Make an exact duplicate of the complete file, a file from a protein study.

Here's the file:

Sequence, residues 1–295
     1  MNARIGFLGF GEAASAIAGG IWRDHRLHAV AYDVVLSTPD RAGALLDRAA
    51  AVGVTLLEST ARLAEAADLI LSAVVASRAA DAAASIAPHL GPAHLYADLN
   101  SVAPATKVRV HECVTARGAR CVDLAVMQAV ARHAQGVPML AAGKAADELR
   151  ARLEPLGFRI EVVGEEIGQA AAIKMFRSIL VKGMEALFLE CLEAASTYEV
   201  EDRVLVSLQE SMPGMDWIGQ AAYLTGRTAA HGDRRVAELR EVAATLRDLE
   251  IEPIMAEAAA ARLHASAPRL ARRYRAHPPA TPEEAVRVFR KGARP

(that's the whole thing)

Sequence, residues 1–295
     1  MNARIGFLGF GEAASAIAGG IWRDHRLHAV AYDVVLSTPD RAGALLDRAA
    51  AVGVTLLEST ARLAEAADLI LSAVVASRAA DAAASIAPHL GPAHLYADLN
   101  SVAPATKVRV HECVTARGAR CVDLAVMQAV ARHAQGVPML AAGKAADELR
   151  ARLEPLGFRI EVVGEEIGQA AAIKMFRSIL VKGMEALFLE CLEAASTYEV
   201  EDRVLVSLQE SMPGMDWIGQ AAYLTGRTAA HGDRRVAELR EVAATLRDLE
   251  IEPIMAEAAA ARLHASAPRL ARRYRAHPPA TPEEAVRVFR KGARP